Pfizer's Chantix increases risk of cardiovascular adverse events: analysis

An analysis published Monday in the Canadian Medical Association Journal suggests that Pfizer's smoking cessation drug Chantix (varenicline) is associated with a 72-percent higher risk of serious cardiovascular adverse events compared to placebo. "I think our new research shifts the risk-benefit profile" of the product, commented lead study author Sonal Singh.

The meta-analysis included 8216 patients enrolled in 14 clinical trials, 13 of which excluded people with a history of heart disease, with each study having a duration of seven to 52 weeks. Results showed that of the 4908 people who took Chantix, 52 experienced serious cardiovascular adverse events such as heart attack or arrhythmia, compared with 27 of the 3308 people who received placebo. Singh noted that the risk of complications linked to Chantix doubled for patients with no history of heart disease, although he said it's unclear whether the added heart risk persists after treatment ends.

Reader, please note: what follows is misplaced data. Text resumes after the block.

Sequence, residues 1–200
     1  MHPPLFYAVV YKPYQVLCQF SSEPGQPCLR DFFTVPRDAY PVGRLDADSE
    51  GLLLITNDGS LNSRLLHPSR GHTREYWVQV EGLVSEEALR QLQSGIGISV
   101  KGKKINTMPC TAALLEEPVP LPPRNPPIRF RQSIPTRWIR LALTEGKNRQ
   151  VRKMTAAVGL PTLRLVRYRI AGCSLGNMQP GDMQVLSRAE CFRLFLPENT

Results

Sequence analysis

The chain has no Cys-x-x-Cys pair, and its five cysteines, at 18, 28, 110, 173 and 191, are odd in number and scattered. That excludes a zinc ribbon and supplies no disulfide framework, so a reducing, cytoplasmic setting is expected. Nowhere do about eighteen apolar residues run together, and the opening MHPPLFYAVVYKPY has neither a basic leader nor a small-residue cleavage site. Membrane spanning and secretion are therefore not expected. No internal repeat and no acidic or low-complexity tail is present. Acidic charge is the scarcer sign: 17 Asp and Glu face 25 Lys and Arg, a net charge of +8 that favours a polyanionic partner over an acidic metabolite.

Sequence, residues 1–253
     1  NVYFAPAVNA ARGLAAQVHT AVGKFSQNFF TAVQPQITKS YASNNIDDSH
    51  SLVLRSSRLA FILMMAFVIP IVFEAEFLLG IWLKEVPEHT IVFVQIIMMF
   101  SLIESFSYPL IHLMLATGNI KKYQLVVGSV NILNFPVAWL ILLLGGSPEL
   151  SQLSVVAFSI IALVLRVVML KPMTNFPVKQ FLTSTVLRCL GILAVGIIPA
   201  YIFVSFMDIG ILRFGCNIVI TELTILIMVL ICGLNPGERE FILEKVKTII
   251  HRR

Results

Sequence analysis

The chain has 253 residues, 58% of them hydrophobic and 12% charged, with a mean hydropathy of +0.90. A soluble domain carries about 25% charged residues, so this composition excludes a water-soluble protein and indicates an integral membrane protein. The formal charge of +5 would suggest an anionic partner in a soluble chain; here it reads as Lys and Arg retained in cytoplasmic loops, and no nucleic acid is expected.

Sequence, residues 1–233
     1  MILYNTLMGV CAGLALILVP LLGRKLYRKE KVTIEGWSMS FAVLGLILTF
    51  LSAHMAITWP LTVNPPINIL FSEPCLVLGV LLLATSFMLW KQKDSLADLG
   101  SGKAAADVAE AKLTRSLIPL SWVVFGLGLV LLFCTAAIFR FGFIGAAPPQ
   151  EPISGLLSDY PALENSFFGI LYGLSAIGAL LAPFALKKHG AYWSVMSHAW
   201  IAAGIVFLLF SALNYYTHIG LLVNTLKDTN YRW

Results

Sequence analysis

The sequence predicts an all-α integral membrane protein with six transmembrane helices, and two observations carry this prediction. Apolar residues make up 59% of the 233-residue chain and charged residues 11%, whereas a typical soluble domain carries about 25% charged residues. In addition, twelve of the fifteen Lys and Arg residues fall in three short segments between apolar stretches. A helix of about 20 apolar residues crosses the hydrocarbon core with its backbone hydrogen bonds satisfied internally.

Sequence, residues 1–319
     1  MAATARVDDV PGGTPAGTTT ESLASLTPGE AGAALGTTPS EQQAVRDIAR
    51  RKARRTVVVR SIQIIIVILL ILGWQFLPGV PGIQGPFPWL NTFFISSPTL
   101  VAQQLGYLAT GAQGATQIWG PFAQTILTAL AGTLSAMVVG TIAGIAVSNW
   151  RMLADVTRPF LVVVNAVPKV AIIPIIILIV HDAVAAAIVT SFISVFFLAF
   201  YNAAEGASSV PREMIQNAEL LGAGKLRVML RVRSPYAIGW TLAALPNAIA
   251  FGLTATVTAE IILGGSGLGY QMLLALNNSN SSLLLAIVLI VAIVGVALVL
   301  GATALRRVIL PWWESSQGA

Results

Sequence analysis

Gail Cawkwell, Pfizer's vice president for medical affairs, said the drugmaker "disagrees with the interpretation of the data," adding that "about one in 100 people in the studies had cardiovascular problems." The company said the analysis was based on too few heart or cardiovascular events to draw conclusions about the risks.

Last month, US regulators said Chantix was associated with a slightly higher chance of cardiovascular adverse events in patients who have cardiovascular disease, and it also has previously been linked with an increased risk of serious mental health events.

Commenting on the new analysis, Curtis Rosenbraugh, director of the FDA's office of drug evaluation, said the agency is examining the data. "I'm not sure until we can further evaluate the study whether it’s going to change the label or not, but I can assure you this is something we’re very concerned about and are taking very seriously," Rosenbraugh remarked.

In an accompanying commentary in the journal, J. Taylor Hays called the analysis "timely and important" but said it lacked overall size and standardisation. “The risk for serious cardiovascular adverse events is low and is greatly outweighed by the benefits of diminishing the truly heartbreaking effects of smoking," he suggested.

Sales of Chantix have fallen by more than 10 percent since 2008, and reached $755 million last year.

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